Work-life balance is a systemic issue for organizations, managers and employees. The responsibility for achieving and promoting a culture that fosters an environment where work-life balance is valued has become a real thing for HR professionals, and they are often faced with managing two common health issues in the workplace: stress and burnout. It is well-known that the effects of stress and burnout directly impact the bottom line of every organization's productivity, but who's responsible for creating work-life balance for employees?
Creating an environment where work-life balance is valued is now a joint responsibility. Organizations have the responsibility of fostering a culture where employees are encouraged to utilize their sick days, family leave or vacation benefits without the fear of it costing them professionally. Employees have an obligation as well when it comes to solving the work-life balance issue that many face in the United States. It starts with recognizing the mentality that we all have about what it means to achieve "success." Each one of your employees is striving to achieve some level of success, and many of them feel that there is only one way of accomplishing that goal, which is by working tirelessly until they are no longer effective. This mentality is wrapped up in a host of subconscious beliefs about what it takes to become and what it means to be successful. These beliefs could have been learned early on in childhood or at a previous company, or they could have been built as a result of your company's culture.
Many employees are driven by internal influences, external influences and societal pressures to do more despite the culture that many HR professionals are diligently working to improve. Employees, in a lot of cases, are adding undue burdens and hardships because of their own internal motivating factors. While the motivating factors for each person are different, the psychological effects are the same. Employees end up feeling like they have something to lose if they are not dialed in 24/7 and begin either beating up on themselves or pointing blame outward instead of taking ownership over their lives. It is important that HR professionals place the ball back in the hands of the employees while highlighting that each person is the co-creator of their lives. HR professionals are in a position to do more than just respond to fires. They can proactively serve as an empowering body of the organization that makes everyone's work meaningful and productive.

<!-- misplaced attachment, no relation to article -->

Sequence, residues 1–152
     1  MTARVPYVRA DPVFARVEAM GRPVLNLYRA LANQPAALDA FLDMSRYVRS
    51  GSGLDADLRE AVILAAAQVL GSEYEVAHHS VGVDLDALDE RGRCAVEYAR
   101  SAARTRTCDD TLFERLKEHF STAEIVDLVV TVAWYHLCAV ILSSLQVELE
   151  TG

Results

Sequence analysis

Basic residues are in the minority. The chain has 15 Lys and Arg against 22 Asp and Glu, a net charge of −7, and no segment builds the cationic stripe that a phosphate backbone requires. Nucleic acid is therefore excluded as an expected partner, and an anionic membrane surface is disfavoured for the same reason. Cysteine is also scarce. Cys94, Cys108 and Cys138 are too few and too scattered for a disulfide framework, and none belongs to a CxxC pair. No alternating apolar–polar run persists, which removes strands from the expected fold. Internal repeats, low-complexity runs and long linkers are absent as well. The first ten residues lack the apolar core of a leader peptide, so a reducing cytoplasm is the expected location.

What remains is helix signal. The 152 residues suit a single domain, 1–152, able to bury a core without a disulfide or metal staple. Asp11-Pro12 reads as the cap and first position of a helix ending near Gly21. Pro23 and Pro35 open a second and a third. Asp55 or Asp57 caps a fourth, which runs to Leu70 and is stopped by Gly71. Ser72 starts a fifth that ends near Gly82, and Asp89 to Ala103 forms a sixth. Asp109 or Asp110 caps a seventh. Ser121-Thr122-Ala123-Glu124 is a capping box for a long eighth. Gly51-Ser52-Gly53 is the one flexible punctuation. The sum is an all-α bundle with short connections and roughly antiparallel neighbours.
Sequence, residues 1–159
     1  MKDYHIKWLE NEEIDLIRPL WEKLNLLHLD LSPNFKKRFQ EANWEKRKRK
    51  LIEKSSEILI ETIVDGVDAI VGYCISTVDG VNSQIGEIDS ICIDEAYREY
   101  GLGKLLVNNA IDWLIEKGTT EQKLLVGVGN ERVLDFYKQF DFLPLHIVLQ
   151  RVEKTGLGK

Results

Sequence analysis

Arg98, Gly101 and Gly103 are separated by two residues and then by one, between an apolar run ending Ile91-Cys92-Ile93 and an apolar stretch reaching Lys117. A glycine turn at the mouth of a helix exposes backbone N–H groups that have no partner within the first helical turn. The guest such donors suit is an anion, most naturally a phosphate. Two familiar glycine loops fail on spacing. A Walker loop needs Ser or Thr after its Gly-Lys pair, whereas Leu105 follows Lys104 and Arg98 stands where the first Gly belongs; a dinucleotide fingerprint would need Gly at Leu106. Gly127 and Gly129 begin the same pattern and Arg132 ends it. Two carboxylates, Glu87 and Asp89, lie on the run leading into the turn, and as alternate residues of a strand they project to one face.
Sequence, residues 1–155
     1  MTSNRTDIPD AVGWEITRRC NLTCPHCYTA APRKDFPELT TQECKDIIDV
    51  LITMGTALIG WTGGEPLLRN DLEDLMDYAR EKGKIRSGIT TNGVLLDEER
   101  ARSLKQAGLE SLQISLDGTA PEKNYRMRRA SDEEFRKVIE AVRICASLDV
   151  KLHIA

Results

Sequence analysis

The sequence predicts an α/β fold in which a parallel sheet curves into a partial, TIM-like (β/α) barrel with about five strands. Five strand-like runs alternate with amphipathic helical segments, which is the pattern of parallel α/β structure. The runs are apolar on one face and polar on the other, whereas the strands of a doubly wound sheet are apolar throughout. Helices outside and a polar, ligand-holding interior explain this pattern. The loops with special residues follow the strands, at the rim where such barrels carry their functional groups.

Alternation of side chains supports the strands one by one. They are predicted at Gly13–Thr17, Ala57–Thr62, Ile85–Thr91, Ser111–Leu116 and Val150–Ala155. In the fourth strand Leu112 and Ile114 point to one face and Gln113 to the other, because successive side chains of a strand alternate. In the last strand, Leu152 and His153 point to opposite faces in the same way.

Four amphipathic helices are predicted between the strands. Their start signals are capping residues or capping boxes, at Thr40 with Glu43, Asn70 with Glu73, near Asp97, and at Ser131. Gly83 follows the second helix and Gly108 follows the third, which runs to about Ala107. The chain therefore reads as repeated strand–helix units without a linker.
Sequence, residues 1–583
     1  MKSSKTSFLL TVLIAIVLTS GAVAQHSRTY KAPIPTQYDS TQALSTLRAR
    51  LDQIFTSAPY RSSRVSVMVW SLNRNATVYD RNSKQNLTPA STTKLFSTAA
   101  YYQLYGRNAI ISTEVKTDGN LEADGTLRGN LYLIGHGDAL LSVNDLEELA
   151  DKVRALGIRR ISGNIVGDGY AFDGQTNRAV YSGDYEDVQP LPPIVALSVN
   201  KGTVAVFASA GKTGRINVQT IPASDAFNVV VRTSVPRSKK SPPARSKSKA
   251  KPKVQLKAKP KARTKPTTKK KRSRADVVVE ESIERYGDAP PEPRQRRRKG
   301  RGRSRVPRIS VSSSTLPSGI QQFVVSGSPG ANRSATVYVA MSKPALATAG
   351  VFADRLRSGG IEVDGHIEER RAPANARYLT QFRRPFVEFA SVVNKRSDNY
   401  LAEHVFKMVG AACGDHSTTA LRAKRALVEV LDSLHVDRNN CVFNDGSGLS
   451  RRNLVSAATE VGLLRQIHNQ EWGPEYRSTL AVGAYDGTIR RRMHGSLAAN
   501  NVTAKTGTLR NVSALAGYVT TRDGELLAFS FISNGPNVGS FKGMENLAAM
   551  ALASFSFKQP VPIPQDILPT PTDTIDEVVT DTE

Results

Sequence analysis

Here are some actions that HR professionals can take:
• Encourage employees to define their own values and explore their belief systems around what it means to be successful.
• Hire external coaches for yourself and other employees within the organization.
• Make work-life balance a collaborative effort where input is valued throughout the organization.
• Make it mandatory that employees take vacations and go off the grid by working directly with your IT department.
• Emphasize the importance of mental health awareness throughout the year.
• Get additional training so that you can serve as an internal coach for employees.
If organizations are going to be a part of the solution when it comes to this work-life balance problem, an internal shift must occur. The first shift starts with recognizing that everyone is a key stakeholder in addressing what many of us are plagued by. The second shift involves acknowledging that a lack of balance is also a very personal choice and is driven by a belief that success is based on this constant productivity, which isn't sustainable.